MORE ABOUT "ANTICIPATION"
imprint of Fleuve Noir was initially
entrusted to editor François Richard
-- half of the writing team of Richard-Bessière.
Its particularity was that it cultivated its own brand of in-house authors: Richard-Bessière, Jean-Gaston Vandel
(another writing team better known as "Paul Kenny", creator of French James Bond-like hero, Coplan FX-18), Jimmy Guieu, Stefan Wul and B.-R.
Bruss, to which were later added Maurice
Limat, Max-Andre Rayjean, Kurt Steiner, Peter
Randa, Gérard Klein (writing as "Gilles d’Argyre"), Pierre Barbet, Paul Béra,
and Jean-Louis & Doris Le May.
A particularity of the imprint was that its authors' style owed relatively little, at least at first, to their
American counterparts. The early volumes of the imprint followed the literary traditions established by J.-H. Rosny Aîné and Maurice
Renard. "Anticipation" also published a few selected novels by American or British authors, such as Poul Anderson, Isaac Asimov (the first Lucky Starr novel), Arthur C. Clarke,
A.E. Van Vogt and John Wyndham, as well as translations of the successful German
Perry Rhodan series.
heroes included Maurice Limat's Chevalier Coqdor (a galactic super-hero) Jimmy Guieu's Blade &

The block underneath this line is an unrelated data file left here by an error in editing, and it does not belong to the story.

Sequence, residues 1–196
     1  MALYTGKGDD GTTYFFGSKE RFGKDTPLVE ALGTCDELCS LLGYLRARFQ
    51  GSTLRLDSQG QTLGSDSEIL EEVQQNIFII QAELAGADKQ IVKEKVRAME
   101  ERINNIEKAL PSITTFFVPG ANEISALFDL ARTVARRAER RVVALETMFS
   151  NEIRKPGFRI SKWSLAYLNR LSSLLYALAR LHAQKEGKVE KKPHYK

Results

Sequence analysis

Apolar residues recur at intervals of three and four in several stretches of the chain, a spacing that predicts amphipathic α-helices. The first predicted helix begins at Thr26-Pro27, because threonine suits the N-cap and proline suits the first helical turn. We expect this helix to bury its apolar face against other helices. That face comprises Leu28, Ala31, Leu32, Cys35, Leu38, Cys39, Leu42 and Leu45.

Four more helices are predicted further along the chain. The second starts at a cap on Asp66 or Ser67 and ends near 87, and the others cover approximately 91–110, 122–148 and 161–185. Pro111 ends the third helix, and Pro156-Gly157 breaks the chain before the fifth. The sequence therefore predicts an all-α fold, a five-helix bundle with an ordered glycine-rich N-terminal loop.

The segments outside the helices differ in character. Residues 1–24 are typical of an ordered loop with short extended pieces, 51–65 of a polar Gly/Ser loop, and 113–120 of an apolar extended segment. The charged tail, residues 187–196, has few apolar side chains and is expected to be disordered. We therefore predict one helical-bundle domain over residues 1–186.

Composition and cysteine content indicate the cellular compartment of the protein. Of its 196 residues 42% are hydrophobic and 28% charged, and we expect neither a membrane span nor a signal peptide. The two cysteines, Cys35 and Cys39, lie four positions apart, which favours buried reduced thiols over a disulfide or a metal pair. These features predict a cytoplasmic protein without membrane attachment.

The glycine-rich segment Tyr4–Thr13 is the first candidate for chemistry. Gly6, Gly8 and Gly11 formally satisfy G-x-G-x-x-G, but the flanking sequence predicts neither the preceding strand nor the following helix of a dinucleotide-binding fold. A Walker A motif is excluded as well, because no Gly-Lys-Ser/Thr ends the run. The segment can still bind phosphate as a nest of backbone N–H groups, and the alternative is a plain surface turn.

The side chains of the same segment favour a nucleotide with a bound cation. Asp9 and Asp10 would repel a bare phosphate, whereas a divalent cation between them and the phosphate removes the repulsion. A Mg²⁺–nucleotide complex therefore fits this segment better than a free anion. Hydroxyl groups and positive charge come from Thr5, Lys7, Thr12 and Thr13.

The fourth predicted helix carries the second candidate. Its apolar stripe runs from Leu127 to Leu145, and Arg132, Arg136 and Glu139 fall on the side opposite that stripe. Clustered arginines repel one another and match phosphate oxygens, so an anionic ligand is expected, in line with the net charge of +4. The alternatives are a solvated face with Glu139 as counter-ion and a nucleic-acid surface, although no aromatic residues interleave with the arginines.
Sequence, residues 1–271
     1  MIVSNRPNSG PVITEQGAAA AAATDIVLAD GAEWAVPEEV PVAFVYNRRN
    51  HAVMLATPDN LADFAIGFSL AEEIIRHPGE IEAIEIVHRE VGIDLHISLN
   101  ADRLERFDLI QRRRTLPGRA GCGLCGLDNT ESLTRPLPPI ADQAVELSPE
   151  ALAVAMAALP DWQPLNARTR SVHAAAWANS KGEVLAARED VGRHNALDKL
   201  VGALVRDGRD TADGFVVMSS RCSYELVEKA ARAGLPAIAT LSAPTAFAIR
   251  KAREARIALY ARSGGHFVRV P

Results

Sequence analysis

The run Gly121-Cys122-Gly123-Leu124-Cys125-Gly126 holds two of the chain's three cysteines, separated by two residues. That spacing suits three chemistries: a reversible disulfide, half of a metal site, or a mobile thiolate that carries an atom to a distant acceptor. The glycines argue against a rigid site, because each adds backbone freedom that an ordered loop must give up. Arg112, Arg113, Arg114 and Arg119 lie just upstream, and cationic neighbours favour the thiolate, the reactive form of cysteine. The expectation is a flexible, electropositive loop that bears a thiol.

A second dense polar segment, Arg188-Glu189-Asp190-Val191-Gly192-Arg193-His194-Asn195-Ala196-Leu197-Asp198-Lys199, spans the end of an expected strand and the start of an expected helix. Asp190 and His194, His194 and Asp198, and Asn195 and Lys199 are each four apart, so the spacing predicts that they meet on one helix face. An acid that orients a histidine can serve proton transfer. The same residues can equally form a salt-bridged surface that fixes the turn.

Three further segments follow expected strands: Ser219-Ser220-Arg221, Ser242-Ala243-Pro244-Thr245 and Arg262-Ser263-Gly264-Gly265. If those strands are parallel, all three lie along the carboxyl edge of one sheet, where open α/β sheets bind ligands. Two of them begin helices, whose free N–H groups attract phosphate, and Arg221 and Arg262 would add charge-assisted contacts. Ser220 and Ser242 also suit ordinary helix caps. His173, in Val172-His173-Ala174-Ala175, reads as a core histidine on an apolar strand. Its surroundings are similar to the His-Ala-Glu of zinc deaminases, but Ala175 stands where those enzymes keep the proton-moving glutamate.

Baker (two space traders), Richard-Bessiere's Dan Seymour (a
galactic spy), M.-A. Rayjean's Joe Maubry (a future journalist), J. & D. Le May's Galactic
Investigations (a futuristic FBI/CIA), Louis Thirion's Jord Maogan (a
starship captain), Jan de Fast's Dr. Alan (a galactic doctor), J.-P. Garen's Surveillance Service of Primitive Planets, Pierre Barbet's Alex Courville
(a galactic investigator), Roland Wagner's
Future Mysteries of Paris series, and
G.-J. Arnaud prodigious saga, The Ice Company,
and many more (see details here).
Modern-day sci-fi heroes published by "Anticipation"
included J.-G. Vandel's Bureau of the Unseen, Richard-Bessiere's Sydney Gordon (a
journalist), Jimmy Guieu's Gilles Novak (another journalist),
Robert Clauzel's Eridan (an alien protecting earth).
"Anticipation"'s output increased
from two to six titles a month in 1966. The line began to attract some new blood: in 1968 with Louis Thirion, then in 1970 came Robert Clauzel, in 1971 Jean-Pierre Andrevon
and G.-J. Arnaud, in 1972 Pierre Pelot, and in 1976 Julia Verlanger.
In 1974, control of the editorship passed into the hands of Patrick Siry, who also supervised a reprint program of older titles. Under Siry’s editorship, "Anticipation" managed to attract authors like Michel
Jeury in 1980, Joël Houssin and Daniel Walther in 1981, Serge Brussolo
in 1982, Jacques Mondoloni in 1984, Jean-Marc
Ligny in 1988, etc. It also fostered
major new talents such as Michel Pagel,
Alain Paris, Serge Lehman, Ayerdhal, Roland
C. Wagner, and Michel Honaker.
"Anticipation" began publishing
heroic-fantasy in the mid-1980s with sagas by Hugues Douriaux, Alain Paris, Jean-Marc
Ligny, and Daniel Walther.
The "Anticipation" imprint finally
ended in 1997 with (appropriately) No. 2001, mutating into other science fiction imprints (including one lamely